Anton Malatinský

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Anton Malatinský
Personal information
Full name Anton Malatinský
Date of birth (1920-01-15)15 January 1920
Place of birth Trnava, Czechoslovakia
Date of death 1 December 1992(1992-12-01) (aged 72)
Playing position Midfielder
Senior career*
Years Team Apps (Gls)
1941–1950 Spartak Trnava
Slovan Bratislava
FK Baník Handlová
National team
1942–1943 Slovakia 6 (10)
1948–1951 Czechoslovakia 10 (0)
Teams managed
1956–1960 Spartak Trnava
1963–1968 Spartak Trnava
1968–1971 Admira Wacker
1971–1976 Spartak Trnava
1976–1978 ADO Den Haag
1978–1981 Slovan Bratislava
1981–1982 SC Eisenstadt
1982–1984 VSE St. Pölten
* Senior club appearances and goals counted for the domestic league only.

Anton Malatinský (15 January 1920 – 1 December 1992) was a Slovak football player and coach. He was a technically adept playmaking midfielder and, as a coach, he was regarded as a good strategist.

He played in 219 league matches and scored 79 goals, most of them for Spartak Trnava. Today, the club's home ground bears his name. Malatinský represented Czechoslovakia in 10 international matches[1] and was included in the 1954 World Cup squad but was not used. He became only the second Spartak player in history to be selected for the Slovakia national team after František Bolček in 1939, as well as the second selected for Czechoslovakia after Jozef Marko one month earlier in 1948.[2]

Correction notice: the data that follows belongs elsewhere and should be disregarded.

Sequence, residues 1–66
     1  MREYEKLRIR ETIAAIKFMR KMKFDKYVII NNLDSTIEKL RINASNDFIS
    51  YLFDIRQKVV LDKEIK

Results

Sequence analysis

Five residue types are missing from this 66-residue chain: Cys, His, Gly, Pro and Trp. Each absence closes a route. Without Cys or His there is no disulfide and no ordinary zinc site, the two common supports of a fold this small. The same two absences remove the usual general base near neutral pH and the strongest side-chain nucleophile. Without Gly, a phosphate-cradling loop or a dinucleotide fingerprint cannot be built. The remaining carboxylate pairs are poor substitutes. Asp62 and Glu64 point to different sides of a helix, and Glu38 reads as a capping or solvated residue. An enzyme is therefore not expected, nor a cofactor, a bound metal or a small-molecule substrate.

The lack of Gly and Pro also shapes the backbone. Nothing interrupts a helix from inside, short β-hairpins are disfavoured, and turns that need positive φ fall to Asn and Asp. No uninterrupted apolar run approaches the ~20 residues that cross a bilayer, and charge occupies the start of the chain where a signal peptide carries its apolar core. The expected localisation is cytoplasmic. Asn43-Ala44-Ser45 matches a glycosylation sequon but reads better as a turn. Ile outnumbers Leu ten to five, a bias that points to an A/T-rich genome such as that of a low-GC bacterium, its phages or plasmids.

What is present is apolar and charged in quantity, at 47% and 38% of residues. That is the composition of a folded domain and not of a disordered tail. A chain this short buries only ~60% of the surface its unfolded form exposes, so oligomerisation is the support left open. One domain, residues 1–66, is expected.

Malatinský achieved more fame as a coach than as a player. While still playing football at a high level, he began coaching youth sides. In 1948, he led Spartak's junior team to a national championship.

A knee injury in 1956 ended his playing career after which he devoted himself exclusively to coaching. He was in charge of Spartak Trnava on three occasions, including two spells during their golden era, for a total of 14 years over two decades. He also later coached their arch-rival, Slovan Bratislava, and several clubs in Austria[3] and the Netherlands.


  1. ^ Anton Malatinský Archived September 27, 2007, at the Wayback Machine., (Czech)
  2. ^ Football Club Spartak, Trnava, (European international footballers database)
  3. ^ Trainer von VSE bzw. SKN St. Pölten,, p. 114 (German)